also known as: enteronecrosis, gut-rot disease, Ceratomyxa shasta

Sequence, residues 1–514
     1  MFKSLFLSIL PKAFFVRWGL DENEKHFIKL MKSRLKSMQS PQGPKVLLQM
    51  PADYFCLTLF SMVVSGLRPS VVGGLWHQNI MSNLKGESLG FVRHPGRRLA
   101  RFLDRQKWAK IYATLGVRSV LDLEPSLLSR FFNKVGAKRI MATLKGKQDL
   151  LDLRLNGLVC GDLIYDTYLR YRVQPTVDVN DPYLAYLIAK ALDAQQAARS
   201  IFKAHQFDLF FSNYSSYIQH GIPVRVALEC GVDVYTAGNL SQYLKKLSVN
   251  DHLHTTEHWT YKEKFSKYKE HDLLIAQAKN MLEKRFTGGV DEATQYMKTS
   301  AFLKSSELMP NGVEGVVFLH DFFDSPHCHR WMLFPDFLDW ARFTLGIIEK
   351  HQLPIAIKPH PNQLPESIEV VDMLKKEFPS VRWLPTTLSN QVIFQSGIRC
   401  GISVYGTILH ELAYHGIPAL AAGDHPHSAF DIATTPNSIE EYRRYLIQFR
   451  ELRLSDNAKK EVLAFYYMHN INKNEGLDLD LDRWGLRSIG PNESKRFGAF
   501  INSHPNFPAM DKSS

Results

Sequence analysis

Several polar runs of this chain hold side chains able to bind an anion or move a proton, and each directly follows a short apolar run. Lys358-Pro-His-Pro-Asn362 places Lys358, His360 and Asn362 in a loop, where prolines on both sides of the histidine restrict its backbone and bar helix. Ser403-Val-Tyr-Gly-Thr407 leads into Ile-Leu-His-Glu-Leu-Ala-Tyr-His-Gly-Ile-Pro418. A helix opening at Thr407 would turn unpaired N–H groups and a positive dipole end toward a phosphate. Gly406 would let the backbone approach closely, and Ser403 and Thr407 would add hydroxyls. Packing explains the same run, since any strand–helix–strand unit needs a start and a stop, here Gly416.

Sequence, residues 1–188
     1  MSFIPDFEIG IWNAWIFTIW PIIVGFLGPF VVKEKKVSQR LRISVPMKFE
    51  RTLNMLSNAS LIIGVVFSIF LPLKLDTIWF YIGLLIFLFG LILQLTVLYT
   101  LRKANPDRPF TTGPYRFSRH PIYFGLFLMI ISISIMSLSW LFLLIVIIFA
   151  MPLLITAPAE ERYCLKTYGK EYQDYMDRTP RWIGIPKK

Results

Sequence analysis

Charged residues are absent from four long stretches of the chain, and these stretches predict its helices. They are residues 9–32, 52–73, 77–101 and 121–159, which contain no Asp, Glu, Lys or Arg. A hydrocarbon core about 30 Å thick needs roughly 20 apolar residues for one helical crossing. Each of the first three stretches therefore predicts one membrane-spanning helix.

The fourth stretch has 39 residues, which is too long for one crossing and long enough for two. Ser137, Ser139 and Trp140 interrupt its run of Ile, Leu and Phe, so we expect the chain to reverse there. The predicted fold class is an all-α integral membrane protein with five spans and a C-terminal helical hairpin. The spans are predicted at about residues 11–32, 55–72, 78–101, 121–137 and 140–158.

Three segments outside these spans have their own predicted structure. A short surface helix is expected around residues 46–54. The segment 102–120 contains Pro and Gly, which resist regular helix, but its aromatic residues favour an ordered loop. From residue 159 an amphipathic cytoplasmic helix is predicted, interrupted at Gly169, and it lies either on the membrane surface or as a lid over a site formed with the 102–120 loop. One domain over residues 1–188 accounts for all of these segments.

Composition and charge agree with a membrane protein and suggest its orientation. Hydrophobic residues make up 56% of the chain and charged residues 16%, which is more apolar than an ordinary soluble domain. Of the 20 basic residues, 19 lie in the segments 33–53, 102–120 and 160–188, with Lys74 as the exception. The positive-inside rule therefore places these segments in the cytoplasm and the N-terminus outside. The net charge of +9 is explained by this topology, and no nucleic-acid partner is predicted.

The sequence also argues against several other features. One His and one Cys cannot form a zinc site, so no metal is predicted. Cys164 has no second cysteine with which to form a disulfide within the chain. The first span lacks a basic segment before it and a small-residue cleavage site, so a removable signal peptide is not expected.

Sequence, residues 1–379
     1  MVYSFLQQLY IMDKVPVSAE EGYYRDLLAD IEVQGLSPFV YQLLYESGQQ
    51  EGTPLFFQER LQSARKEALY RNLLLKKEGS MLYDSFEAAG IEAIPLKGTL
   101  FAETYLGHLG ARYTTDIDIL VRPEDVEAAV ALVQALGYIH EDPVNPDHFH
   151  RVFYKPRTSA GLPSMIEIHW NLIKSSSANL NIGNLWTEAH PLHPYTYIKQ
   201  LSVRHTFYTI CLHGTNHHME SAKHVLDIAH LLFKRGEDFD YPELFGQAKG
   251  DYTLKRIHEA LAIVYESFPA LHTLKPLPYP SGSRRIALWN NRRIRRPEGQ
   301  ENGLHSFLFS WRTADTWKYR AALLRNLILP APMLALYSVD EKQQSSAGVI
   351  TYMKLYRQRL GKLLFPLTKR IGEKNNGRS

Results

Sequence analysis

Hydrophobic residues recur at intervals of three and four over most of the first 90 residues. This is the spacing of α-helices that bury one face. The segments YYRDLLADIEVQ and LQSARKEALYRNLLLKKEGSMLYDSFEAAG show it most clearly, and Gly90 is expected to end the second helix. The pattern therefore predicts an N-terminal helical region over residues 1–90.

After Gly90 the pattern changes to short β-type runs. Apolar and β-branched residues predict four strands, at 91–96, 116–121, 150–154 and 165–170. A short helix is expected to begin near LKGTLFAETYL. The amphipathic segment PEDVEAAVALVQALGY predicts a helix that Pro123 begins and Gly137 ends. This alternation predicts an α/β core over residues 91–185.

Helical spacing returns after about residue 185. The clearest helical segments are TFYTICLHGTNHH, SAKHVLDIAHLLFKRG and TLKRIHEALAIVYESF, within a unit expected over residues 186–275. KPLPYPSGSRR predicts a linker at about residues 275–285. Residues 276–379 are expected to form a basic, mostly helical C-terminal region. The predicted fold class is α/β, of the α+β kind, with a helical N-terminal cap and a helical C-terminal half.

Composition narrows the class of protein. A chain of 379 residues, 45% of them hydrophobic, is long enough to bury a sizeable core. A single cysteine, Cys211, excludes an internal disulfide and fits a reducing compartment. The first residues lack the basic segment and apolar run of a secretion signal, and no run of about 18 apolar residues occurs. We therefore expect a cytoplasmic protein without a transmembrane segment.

Better known by its old name, Ceratomyxa shasta, this microscopic parasite causes hemorhaging and necrosis of the intestine of salmon and trout. Light infections can be cleared by some fish species, whereas larger doses result in mortality, especially in combination with high water temperatures. Mature myxospores released from fish are about 12µm long (1/10th the width of a human hair) and kidney-bean shaped. They have two centrally located polar capsules (stinging cells). The myxospores have to infect a freshwater polychaete worm and develop into actinospores for the parasite to be able to infect another fish and continue its lifecycle. C. shasta is not transmissable to humans.